Dual-interface smart-cards and problem of user intent (part I)

Comparing the security of NFC applications implemented with host-card emulation (HCE) against those using an embedded secure element, we noted that SE hardware architecture allows for interface detection, a critical mitigation against remote relay attacks.  This post expands on another application of the same feature: recognizing user intent in traditional smart card scenarios when they are used in conjunction with an untrusted PC.

Smart-cards and malicious hosts

First a few words on the problem. Consider a standard use-case for smart cards: accessing a remote resource, such as SSH or remote-desktop into another machine in the cloud. In a high-assurance environment that would call for strong authentication– in other words,bg not passwords– using cryptographic keys managed on the card. A typical flow might be:

  • User initiates the action
  • Local machine prompts the user for their smart-card.
  • User inserts their card into the reader (or in the case of NFC, brings it into the field of the reader)
  • PIN prompt is displayed
  • User enters their PIN
  • PIN is relayed to the card to authenticate the user to the card.
  • Once the card application is convinced it is dealing with the legitimate card-holder, it performs a cryptographic operation (such as signing a challenge) to authenticate the user to the remote resource.

When preventing key recovery is not enough

Consider the problem of malware resident on the host PC. Card applications and communication interface are designed to prevent the extraction of secret key material via pure software attacks, such as trying to exploit a memory corruption vulnerability. Let’s posit this is working correctly. Let’s further grant that cryptographic primitives are not vulnerable to side-channel leaks (such as timing differences or padding oracles) that can be used to recover keys using pure software attacks.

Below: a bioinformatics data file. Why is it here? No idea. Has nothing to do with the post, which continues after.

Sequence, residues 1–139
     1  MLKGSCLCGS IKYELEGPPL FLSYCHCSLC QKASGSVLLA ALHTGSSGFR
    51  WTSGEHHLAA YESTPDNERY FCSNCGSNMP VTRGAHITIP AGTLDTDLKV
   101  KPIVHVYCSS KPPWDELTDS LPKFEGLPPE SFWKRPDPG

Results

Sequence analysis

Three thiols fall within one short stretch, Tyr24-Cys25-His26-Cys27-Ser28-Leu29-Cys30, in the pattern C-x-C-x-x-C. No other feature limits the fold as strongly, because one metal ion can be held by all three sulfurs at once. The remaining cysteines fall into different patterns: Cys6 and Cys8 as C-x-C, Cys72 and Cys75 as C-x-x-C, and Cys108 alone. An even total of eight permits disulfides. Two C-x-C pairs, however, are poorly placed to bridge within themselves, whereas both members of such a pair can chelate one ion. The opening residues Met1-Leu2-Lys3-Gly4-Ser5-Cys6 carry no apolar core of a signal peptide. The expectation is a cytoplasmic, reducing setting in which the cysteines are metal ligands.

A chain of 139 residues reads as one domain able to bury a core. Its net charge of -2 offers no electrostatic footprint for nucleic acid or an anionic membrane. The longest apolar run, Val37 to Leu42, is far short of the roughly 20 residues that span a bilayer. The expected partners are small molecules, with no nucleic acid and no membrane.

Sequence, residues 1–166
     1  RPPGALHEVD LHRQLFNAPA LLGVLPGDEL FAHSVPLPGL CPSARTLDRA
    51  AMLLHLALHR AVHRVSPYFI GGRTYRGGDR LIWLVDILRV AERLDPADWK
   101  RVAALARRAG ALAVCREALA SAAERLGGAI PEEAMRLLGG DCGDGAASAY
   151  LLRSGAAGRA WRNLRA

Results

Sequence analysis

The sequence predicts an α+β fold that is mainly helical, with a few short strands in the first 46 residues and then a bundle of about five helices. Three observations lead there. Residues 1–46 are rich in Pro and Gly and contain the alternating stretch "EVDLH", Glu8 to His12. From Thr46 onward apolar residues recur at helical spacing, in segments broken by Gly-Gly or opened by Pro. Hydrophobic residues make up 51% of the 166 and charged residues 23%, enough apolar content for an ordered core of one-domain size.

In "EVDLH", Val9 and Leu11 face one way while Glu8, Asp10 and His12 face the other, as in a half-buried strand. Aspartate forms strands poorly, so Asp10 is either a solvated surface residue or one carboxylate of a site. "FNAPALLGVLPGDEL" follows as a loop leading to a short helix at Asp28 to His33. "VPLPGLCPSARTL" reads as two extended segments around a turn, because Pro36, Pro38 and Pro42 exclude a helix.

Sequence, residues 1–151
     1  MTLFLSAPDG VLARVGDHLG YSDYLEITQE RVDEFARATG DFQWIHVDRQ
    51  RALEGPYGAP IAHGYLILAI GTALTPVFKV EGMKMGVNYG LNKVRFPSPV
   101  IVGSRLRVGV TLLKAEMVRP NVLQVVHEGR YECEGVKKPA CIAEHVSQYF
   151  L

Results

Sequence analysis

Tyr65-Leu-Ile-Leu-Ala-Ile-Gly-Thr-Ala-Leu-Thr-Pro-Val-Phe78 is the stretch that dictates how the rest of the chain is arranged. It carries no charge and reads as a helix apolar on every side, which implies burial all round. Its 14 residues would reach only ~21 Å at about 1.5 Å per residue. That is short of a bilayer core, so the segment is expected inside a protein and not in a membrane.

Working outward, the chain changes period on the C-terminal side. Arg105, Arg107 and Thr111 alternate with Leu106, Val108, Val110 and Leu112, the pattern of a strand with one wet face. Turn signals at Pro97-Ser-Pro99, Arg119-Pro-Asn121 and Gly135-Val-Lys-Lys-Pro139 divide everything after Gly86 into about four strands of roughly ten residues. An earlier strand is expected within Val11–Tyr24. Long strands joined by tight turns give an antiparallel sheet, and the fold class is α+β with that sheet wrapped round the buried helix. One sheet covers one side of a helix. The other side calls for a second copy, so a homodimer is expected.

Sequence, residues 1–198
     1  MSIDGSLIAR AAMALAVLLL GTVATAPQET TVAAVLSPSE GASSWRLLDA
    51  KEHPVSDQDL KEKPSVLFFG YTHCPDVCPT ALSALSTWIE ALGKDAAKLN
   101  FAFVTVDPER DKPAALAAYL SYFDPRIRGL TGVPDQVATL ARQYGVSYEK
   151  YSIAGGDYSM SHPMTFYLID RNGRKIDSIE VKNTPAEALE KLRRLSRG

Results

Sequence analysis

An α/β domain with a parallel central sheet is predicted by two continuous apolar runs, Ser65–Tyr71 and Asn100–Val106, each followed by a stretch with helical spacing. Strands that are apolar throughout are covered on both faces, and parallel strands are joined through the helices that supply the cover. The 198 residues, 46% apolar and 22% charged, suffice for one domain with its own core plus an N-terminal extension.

Smart-card meets hostile PC

Smart-card interacting with a hostile PC controller by adversary

That rules out the obvious avenue for malware to permanently exfiltrate cryptographic secrets out of the card and ship-them off for future use. But the host can ask the card to perform any operation using those secrets while the card is attached. This is because at the card level there is no concept of “user intent.” Looking at a typical architecture as pictured above, there is a compromised PC running malware controlled by the adversary. A card-reader is attached typically via USB or serial link, and the card is introduced to the reader, allowing the PC to issue commands to the card and receive responses in a standardized format known as APDU. Neither the card reader or card have any indication about the provenance of those APDUs, beyond the obvious fact that they originated from the host. There is no other verifiable indication about which particular application sent those commands, whether that application is acting on behalf of the legitimate card-holder or carrying out its own agenda. In effect, the card is just a passenger along for the ride, with PC software calling the shots on exactly what messages are being signed, decrypted or otherwise processed using the card. After card is attached to the system and the user has authenticate, there is an implicit channel (red-dashes above) available to the malware for issuing arbitrary requests to the card.